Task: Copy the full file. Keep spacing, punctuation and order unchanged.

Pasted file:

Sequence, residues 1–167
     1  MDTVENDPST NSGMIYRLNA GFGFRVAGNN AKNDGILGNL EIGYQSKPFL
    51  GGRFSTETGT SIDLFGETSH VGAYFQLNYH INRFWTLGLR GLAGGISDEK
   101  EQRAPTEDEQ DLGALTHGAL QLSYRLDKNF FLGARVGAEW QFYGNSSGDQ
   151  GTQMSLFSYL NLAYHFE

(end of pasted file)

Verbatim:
Sequence, residues 1–167
     1  MDTVENDPST NSGMIYRLNA GFGFRVAGNN AKNDGILGNL EIGYQSKPFL
    51  GGRFSTETGT SIDLFGETSH VGAYFQLNYH INRFWTLGLR GLAGGISDEK
   101  EQRAPTEDEQ DLGALTHGAL QLSYRLDKNF FLGARVGAEW QFYGNSSGDQ
   151  GTQMSLFSYL NLAYHFE